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Musical Fidelity M6 500i Integrated Amplifier Review

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Musical Fidelity M6 500i  Integrated Amplifier

I love finding unexpected pathways to performance, that is, methods that have potential to outperform expectations. Some are so unexpected that few audiophiles would try them because of the foregone conclusions, “It won’t work,” or “It won’t matter.” If it doesn’t involve something potentially harmful to the system, I’ll likely try it. Some of my favorite discoveries have come about this way.

One such discovery was doubling bi-wired speaker cables. It sounds like an idiotic idea to slap another full set of speaker cables on top of (parallel) to an already doubled set. That entails the use of two full bi-wire sets; in the case of the reliably superb sounding Clarity Cable Organic cables that means eight full cables! I can’t tell you how many engineering types, “know it all” types, skeptical types, etc. have rolled eyes, laughed, or were silent when I intoned that it is a superior way to hook up speakers. Do I care that they scoff? Not in the least, because I get to hear the results!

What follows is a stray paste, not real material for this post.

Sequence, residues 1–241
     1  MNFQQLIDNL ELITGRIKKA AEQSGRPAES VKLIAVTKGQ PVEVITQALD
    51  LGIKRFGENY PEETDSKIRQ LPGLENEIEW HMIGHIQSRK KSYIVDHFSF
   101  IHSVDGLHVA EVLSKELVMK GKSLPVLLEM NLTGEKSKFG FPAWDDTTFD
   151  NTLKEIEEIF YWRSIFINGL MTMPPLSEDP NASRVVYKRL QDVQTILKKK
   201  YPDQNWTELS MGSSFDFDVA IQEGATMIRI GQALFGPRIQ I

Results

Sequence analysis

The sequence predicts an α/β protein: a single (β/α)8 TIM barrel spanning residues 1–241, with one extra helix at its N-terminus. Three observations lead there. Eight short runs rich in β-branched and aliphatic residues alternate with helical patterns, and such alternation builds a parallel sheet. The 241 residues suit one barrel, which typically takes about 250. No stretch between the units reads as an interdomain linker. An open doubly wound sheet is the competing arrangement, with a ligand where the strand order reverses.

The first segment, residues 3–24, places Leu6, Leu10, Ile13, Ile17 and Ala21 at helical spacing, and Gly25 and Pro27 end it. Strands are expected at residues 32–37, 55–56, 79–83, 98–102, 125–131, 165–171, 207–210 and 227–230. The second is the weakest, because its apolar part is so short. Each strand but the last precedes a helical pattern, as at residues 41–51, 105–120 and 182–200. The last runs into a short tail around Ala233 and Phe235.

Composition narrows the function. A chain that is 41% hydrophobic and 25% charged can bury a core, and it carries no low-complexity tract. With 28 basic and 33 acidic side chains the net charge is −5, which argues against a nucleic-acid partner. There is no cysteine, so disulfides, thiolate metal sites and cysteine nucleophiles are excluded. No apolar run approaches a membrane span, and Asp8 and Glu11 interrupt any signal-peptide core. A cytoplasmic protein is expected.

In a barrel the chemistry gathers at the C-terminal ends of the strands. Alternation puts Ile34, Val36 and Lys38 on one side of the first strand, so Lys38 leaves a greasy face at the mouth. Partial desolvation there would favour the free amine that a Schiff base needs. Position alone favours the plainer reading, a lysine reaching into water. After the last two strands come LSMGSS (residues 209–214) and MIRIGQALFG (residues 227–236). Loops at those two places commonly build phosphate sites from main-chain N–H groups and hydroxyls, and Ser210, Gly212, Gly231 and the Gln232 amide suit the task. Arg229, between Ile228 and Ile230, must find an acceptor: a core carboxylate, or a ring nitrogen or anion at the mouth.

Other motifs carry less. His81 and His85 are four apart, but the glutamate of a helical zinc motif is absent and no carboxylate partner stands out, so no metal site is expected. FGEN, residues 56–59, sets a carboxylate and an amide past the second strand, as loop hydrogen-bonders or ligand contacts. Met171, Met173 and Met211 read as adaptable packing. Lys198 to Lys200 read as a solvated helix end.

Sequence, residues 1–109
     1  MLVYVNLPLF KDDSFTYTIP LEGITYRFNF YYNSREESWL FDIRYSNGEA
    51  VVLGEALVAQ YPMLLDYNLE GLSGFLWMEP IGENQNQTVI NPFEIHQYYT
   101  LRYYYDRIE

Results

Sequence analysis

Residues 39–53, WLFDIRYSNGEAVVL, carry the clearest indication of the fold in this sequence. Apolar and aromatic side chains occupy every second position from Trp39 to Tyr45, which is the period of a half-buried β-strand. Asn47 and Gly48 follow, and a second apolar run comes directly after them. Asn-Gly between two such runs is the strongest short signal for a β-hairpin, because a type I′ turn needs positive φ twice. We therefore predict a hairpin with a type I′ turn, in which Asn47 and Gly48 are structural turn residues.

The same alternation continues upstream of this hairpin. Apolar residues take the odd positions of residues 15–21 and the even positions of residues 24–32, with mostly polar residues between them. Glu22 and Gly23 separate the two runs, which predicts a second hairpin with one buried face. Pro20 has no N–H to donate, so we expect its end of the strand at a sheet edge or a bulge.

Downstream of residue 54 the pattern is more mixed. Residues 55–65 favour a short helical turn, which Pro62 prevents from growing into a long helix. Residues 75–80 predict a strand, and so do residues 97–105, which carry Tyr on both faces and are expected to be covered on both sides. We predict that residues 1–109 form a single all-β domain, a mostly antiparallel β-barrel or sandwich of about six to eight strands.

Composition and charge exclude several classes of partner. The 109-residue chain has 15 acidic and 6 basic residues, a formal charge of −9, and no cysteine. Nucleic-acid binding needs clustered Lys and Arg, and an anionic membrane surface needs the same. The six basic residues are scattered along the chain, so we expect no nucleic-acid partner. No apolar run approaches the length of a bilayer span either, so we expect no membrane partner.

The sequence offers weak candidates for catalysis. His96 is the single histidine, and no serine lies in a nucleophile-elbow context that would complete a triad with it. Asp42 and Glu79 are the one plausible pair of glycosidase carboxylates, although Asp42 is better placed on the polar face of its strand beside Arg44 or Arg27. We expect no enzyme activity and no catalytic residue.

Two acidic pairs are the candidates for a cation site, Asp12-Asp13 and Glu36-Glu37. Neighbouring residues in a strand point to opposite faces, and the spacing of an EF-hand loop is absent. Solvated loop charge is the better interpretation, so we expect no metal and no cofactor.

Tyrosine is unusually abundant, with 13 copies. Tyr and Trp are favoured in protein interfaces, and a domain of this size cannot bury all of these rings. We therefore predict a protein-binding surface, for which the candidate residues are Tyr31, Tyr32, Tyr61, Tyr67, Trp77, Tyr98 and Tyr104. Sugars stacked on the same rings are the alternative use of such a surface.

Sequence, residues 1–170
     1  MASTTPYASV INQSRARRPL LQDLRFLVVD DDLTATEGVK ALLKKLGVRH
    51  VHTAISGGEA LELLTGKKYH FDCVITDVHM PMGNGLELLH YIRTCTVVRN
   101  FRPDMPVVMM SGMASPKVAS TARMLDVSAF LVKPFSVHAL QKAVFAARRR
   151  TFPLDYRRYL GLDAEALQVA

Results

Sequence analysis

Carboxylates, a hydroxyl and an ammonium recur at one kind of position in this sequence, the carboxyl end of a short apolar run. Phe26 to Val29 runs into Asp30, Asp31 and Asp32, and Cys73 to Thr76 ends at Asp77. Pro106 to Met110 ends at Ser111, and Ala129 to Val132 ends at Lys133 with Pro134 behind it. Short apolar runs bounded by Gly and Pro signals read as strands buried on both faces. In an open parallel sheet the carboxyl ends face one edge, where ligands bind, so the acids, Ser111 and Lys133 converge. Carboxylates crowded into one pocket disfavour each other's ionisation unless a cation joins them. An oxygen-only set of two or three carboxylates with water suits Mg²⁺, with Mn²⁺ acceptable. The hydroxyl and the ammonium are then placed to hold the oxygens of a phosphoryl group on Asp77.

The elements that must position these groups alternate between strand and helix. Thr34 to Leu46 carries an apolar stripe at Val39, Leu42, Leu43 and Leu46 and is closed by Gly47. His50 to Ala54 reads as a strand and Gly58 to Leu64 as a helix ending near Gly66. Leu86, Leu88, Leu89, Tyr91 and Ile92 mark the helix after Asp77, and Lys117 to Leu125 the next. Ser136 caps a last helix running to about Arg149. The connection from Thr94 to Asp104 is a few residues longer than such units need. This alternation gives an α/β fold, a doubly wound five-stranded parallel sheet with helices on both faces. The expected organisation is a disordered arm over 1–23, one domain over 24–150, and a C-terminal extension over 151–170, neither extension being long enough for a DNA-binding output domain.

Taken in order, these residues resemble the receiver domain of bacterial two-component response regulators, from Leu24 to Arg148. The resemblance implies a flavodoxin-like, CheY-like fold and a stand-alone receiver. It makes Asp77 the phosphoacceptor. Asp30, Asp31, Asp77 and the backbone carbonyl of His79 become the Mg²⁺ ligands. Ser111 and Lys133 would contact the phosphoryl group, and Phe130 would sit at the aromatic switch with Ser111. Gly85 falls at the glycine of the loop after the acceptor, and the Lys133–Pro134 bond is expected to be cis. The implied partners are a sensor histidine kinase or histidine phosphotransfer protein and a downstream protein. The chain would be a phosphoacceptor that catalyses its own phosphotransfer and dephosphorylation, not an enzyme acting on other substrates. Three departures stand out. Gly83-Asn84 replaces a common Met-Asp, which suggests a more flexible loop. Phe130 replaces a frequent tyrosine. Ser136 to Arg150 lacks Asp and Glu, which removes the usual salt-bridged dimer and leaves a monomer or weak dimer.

The reason I do so is because in my casual experimentation the total gauge of the speaker cable matters, and the more conductor (while maintaining a short signal path) the better. In short, if you have an identical wire in terms of conductor material, geometry and dielectric, doubling it up will improve its sound. I’m sure this violates all sorts of fancy electronic principles, but it works. I’m not most interested in proving electronic principles; I’m most interested in building superior sounding rigs, so my cables get doubled.

Might I find a cable someday which would as a standard bi-wired setup outperform the double bi-wired speaker cables? Sure, but then I would want to hear it in a double bi-wire configuration!

Now, if you are scoffing, sensing this is going to be a dumb article, please feel free to stop reading now because you likely will not take away much from it. You likely have already labeled me and condemned my perspective, so save your time. To the rest, who want a potentially useful insight into alternative systems to achieve unexpectedly good results, read on!

Mono Integrated